Why would we use a CMOS device as a voltage divider over just using a normal voltage divider.

Thread Starter

specs365

Joined Mar 14, 2019
31
I saw a circuit that uses two NMOS MOSFETs as a voltage divider, and I was just wondering why that would be used instead of just using a normal resisitive divider? A screenshot of the CMOS circuit is attached.
 

Attachments

crutschow

Joined Mar 14, 2008
25,660
It may be so it will dissipate less power than a voltage divider with the same impedance.

But that's a poor circuit for that purpose, since it depends on the gate-source threshold of the particular MOSFET used, and that voltage can vary significantly from unit to unit.
 

Delta prime

Joined Nov 15, 2019
576
Hi there. :) I bet you he or she didn't have any resistors.
I have made voltage dividers composed of any combination of elements such as resistors, inductors, capacitors. Was not my proudest moment but the circuits worked.
 

WBahn

Joined Mar 31, 2012
26,301
Are those two NFETs the same dimensions? If so, it seems odd that the voltage at the junction isn't the midpoint of the power supply since both transistors are diode-connected and the junction is the Vgs of the bottom transistor above ground and the Vgs of the top transistor below the rail and both transistors are carrying the same current.

Do they have different widths and lengths and that just isn't being shown?

What kind of circuit was this for that you saw this on? Was it an integrated circuit? If so, it's likely that it was a bias voltage generator in which the top transistor is setting a current in the both transistor and the bottom transistor is one said of a current mirror. One of the beautiful things about integrated CMOS circuits is that you can then duplicate that current in literally millions of other transistors throughout the chip.
 

Thread Starter

specs365

Joined Mar 14, 2019
31
Are those two NFETs the same dimensions? If so, it seems odd that the voltage at the junction isn't the midpoint of the power supply since both transistors are diode-connected and the junction is the Vgs of the bottom transistor above ground and the Vgs of the top transistor below the rail and both transistors are carrying the same current.

Do they have different widths and lengths and that just isn't being shown?

What kind of circuit was this for that you saw this on? Was it an integrated circuit? If so, it's likely that it was a bias voltage generator in which the top transistor is setting a current in the both transistor and the bottom transistor is one said of a current mirror. One of the beautiful things about integrated CMOS circuits is that you can then duplicate that current in literally millions of other transistors throughout the chip.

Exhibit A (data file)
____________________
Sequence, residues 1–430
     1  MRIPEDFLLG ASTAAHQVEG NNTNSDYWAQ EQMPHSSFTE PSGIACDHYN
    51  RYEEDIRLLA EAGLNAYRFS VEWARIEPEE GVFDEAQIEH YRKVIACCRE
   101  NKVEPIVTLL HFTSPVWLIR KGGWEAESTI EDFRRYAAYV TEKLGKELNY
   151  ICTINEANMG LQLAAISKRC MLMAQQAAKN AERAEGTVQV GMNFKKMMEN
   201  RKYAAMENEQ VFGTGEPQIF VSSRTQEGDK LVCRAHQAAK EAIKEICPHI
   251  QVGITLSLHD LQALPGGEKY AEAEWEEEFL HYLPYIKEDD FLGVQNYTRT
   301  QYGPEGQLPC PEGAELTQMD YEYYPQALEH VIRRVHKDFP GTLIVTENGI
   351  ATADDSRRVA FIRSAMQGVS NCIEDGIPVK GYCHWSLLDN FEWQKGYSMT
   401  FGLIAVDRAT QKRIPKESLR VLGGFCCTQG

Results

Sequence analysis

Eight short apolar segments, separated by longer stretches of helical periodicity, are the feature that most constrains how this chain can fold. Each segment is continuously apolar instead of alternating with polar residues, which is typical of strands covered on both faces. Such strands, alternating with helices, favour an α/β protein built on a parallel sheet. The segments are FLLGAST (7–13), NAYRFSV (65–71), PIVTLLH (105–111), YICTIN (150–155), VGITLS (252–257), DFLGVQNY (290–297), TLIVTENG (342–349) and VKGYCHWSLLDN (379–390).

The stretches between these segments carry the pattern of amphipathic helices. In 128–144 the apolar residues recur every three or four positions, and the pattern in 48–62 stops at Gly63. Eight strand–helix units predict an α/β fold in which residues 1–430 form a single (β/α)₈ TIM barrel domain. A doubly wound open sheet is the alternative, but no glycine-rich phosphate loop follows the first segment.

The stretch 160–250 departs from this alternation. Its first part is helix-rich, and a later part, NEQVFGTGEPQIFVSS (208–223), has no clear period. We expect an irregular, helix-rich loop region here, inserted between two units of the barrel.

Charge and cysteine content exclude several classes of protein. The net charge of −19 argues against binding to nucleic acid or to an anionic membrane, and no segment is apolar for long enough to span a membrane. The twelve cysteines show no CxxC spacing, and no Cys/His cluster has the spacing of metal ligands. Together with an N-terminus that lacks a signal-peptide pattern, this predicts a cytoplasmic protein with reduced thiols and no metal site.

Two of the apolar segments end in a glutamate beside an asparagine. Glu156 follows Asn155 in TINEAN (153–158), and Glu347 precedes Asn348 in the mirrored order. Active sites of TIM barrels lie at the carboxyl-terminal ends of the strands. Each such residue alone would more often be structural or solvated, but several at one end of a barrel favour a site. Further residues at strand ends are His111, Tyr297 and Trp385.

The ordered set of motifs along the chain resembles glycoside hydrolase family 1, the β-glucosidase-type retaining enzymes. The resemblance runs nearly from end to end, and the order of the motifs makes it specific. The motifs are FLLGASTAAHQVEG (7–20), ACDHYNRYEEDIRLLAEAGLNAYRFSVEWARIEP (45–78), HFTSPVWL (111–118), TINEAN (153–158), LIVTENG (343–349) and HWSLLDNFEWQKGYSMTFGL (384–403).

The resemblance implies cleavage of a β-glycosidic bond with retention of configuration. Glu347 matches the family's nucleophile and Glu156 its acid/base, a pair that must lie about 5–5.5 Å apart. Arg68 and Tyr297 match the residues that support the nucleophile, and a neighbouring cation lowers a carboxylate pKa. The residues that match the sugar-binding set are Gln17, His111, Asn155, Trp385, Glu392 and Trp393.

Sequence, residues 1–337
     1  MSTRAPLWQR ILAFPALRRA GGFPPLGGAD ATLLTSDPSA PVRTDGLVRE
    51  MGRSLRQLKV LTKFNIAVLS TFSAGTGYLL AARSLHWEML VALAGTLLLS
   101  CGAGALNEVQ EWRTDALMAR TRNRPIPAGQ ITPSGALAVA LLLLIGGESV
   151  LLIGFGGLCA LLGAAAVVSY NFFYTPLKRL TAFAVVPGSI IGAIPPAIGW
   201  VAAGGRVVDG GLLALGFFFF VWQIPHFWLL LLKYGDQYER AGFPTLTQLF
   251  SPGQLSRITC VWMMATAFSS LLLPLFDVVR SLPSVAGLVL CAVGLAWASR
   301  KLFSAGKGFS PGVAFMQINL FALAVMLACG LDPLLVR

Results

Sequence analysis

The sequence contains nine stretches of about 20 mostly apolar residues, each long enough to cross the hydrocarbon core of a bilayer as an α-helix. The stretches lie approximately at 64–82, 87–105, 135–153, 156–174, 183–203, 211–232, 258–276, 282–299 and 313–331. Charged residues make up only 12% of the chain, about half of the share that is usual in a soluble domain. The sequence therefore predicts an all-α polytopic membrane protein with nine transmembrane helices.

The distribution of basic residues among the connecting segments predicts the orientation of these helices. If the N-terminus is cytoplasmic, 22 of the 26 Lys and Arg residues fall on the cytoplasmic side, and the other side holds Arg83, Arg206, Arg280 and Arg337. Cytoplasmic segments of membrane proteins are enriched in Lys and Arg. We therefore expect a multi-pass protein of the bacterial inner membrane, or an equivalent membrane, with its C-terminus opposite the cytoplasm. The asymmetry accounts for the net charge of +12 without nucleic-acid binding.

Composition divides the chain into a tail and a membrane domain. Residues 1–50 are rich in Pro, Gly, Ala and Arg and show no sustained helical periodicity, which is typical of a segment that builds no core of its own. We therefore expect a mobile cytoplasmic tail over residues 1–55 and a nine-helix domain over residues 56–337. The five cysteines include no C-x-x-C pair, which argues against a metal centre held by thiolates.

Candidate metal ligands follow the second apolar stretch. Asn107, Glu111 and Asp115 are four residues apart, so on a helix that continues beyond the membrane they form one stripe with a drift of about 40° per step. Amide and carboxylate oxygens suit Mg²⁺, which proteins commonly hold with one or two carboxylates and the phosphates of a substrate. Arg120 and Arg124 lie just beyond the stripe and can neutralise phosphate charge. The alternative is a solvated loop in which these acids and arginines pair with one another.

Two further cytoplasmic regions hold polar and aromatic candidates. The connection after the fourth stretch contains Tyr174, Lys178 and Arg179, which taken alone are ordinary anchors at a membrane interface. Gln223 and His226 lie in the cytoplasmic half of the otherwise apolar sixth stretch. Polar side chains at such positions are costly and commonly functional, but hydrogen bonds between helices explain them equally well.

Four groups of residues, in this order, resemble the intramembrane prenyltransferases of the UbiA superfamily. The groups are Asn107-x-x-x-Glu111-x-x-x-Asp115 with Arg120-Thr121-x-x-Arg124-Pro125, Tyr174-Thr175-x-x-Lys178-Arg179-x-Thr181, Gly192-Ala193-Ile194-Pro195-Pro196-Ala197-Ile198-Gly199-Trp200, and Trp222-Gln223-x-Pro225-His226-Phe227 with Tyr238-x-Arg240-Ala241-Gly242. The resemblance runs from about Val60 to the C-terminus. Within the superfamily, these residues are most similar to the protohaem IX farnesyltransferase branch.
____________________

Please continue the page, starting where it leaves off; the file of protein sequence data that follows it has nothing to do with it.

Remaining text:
Hi, yes the FETS have lengths and widths that are different, it is designed in such a way that it gives an output of 1V. It is just a standalone circuit, it was not anywhere. I was just wondering what are the advantages over a resistive divider/
 

WBahn

Joined Mar 31, 2012
26,301
Hi, yes the FETS have lengths and widths that are different, it is designed in such a way that it gives an output of 1V. It is just a standalone circuit, it was not anywhere. I was just wondering what are the advantages over a resistive divider/
Are you sure it wasn't meant to be used on an IC? I've never seen discrete MOSFETs where the user had the ability to control the widths and lengths.

If it was an IC-based circuit, then IC designers hate using resistors if they can avoid it because, compared to FET transistors, they chew up lots of valuable silicon real estate. Also, they are notoriously inaccurate in terms of value.

Most CMOS processes are pretty well characterized so it isn't too hard to size a transistor that has a gate-source voltage, when diode connected, that has close to a desired value. when a particular current is flowing through it. You then size the top transistor to provide that current with the remaining voltage as the gate-source voltage. It's not a very good reference -- the power supply rejection ratio isn't going to be very good and it's going to be temperature sensitive (though not as bad as you might think), but it might be good enough for what it is being used for.

EDIT: Fix typos.
 
Last edited:

WBahn

Joined Mar 31, 2012
26,301
Just a small point of fact only for information purposes.

Two NMOS configured as such is not technically considered "CMOS" where one of the two would be PMOS.
That's one of the reasons I suspect that the circuit is for an IC (fabricated on a CMOS process).
 

Phil-S

Joined Dec 4, 2015
158
Might be worth looking up voltage translators or how they work.
CMOS logic 4050 or 4049 are commonly used and Texas do a lot of logic level translators.
Just a thought
 

dl324

Joined Mar 30, 2015
11,894
I saw a circuit that uses two NMOS MOSFETs as a voltage divider, and I was just wondering why that would be used instead of just using a normal resisitive divider?
It would only make sense on an integrated circuit where resistors would take more die area.
 

MisterBill2

Joined Jan 23, 2018
7,306
Not every circuit that I have seen published will actually work, even if it worked once for whoever built it. And some circuits published have never even been built. So that is another possible situation. Somebody thinks that a circuit would work.
And some have observed that not everything found on the internet is correct.
 
Top